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Microsoft Settles With FCC Over Claims in WebTV Ads

October 26, 2000|From Bloomberg News

WASHINGTON — Microsoft Corp.'s WebTV unit on Wednesday settled federal charges that it misled consumers by claiming its TV-based Internet browser gave viewers the same capability to surf the World Wide Web as computer users.

In a settlement with the Federal Trade Commission, WebTV Networks Inc. agreed to distribute consumer-education brochures and advertising to correct any impression that the television-based Web-browsing service provides the same access to the Internet that consumers could get via a personal computer.

The Microsoft unit also agreed to reimburse some consumers for long-distance charges they didn't expect to incur for connecting to the Internet via WebTV.

In its administrative complaint, the FTC charged that WebTV, acquired by Microsoft in 1997, didn't adequately warn consumers that they could have to make a long-distance telephone call to connect their TV-based Web browser to the Internet.

Some consumers incurred hundreds of dollars in long-distance charges, said Joel Winston, the FTC's director of advertising practices. Those who canceled the service within 90 days and cited the charges as a reason will be reimbursed, the FTC said.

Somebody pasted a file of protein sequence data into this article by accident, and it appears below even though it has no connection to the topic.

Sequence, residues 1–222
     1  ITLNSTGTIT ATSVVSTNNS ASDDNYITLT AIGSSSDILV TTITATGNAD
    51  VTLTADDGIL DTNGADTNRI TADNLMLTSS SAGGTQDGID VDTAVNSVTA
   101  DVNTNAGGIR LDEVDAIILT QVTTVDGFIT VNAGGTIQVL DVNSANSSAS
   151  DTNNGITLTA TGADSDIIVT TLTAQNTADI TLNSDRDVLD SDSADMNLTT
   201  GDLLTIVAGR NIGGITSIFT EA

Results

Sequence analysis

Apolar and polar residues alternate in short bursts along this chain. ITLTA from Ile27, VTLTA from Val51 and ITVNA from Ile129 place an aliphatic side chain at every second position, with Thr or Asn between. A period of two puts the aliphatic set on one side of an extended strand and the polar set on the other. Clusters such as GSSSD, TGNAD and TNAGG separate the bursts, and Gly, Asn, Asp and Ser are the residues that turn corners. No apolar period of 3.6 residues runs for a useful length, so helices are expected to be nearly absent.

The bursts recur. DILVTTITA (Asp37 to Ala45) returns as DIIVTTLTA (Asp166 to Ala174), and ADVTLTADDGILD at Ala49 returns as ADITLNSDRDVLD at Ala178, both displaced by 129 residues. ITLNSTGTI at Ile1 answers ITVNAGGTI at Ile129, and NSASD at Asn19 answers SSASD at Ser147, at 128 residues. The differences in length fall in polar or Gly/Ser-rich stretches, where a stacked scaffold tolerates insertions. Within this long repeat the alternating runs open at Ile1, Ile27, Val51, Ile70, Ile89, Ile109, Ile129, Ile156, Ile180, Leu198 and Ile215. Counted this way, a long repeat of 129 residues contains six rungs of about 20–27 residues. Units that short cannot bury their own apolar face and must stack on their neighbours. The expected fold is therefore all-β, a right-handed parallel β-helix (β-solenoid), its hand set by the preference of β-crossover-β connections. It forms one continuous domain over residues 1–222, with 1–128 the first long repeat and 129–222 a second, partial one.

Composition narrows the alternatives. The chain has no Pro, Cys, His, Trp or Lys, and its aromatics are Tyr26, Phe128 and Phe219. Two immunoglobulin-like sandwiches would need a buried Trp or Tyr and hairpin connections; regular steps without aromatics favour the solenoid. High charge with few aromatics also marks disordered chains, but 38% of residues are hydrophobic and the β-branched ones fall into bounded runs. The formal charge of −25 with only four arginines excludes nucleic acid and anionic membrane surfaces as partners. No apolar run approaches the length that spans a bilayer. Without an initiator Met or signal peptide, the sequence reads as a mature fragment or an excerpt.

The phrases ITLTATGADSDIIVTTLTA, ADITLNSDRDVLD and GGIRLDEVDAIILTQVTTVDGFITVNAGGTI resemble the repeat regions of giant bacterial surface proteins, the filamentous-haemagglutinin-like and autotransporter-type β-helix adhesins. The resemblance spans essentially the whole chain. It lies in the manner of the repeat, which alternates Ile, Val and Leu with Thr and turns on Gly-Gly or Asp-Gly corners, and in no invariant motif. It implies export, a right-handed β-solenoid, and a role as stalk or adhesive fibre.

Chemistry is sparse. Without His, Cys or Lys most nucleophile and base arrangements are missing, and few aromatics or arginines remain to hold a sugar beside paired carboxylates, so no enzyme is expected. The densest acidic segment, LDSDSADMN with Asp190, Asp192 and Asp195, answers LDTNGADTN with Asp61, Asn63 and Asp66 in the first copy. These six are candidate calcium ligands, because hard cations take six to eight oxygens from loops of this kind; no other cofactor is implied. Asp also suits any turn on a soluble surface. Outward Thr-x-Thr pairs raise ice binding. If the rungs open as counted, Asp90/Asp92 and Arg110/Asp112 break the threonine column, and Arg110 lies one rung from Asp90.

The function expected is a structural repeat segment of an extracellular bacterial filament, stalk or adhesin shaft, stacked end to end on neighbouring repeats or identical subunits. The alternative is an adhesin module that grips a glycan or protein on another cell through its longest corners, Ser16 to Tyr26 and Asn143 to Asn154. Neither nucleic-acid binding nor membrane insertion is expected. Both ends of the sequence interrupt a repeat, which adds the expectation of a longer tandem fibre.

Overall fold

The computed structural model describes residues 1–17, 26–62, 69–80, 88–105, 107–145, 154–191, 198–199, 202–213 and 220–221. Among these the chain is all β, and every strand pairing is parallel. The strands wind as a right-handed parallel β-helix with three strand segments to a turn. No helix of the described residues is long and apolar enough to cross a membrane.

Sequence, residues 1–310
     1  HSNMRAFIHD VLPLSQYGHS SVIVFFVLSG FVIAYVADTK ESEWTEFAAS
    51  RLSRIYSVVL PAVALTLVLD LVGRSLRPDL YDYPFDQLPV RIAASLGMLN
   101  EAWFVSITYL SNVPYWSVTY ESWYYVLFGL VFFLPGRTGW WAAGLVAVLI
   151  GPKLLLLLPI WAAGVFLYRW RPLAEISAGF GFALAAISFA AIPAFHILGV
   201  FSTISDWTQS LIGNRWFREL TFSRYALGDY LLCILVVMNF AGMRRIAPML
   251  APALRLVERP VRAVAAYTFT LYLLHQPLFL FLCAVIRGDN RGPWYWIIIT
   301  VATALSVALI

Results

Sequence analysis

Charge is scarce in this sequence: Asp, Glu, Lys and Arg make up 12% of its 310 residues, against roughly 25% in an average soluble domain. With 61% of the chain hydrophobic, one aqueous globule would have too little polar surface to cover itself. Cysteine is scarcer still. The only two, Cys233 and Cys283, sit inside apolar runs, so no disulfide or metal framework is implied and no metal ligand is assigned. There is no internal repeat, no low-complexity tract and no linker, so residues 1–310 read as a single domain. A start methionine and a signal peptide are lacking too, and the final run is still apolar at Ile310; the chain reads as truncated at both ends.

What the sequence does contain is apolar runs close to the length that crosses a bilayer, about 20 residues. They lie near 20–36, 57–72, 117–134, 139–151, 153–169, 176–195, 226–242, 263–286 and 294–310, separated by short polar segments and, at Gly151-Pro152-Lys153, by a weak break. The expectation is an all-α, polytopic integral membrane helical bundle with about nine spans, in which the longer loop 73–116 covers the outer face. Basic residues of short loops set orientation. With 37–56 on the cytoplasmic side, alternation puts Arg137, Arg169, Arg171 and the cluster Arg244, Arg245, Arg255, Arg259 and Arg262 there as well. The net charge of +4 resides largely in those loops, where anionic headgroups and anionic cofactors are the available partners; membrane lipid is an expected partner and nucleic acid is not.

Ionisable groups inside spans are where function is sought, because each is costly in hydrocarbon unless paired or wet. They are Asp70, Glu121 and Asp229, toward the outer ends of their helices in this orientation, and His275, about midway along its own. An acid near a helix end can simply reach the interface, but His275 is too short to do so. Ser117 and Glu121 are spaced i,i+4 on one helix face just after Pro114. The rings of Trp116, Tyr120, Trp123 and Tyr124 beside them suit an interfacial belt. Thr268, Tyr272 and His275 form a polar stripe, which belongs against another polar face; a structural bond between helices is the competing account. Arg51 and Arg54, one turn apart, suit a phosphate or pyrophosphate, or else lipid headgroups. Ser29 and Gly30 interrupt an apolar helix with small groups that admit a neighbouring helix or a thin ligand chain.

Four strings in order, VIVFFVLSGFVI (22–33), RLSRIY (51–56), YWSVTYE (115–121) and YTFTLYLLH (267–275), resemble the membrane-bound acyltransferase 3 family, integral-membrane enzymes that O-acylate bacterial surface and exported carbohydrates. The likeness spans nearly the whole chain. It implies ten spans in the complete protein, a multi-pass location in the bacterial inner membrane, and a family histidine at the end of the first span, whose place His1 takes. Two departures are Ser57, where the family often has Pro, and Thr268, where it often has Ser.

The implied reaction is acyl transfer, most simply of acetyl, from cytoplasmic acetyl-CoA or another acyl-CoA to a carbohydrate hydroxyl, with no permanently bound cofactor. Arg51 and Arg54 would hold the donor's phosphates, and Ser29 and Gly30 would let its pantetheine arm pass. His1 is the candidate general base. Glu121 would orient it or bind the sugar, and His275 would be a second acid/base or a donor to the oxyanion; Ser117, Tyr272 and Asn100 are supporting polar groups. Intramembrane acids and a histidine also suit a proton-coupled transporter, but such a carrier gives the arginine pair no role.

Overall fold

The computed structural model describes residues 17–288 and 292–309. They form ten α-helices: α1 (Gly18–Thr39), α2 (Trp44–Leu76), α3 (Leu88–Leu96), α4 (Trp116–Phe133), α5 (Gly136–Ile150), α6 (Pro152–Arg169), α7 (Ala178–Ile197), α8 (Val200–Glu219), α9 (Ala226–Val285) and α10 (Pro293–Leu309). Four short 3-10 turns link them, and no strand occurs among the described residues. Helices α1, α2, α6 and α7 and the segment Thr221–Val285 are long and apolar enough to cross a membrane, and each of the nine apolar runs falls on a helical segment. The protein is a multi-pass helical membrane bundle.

The company agreed to prominently warn users that they may have to pay long-distance charges for Internet access.

The FTC charged that ads from 1997 and 1998 that claimed WebTV provides "complete . . . Internet access" were false or misleading because the TV-based Web browser didn't provide access to the same games, "streaming video" and other entertainment that is available to personal computer users.

Microsoft spokesman Vivek Varma said that while the company "may disagree with some aspects" of the FTC's analysis of the advertising issues, "we have agreed to disagree."

The consumer-education brochures, which will be distributed at stores where the WebTV set-top boxes are sold, will advise consumers about the different Internet-browsing capabilities of personal computers and other devices, the FTC said.

WebTV, based in Mountain View, Calif., had more than 1 million subscribers last year.

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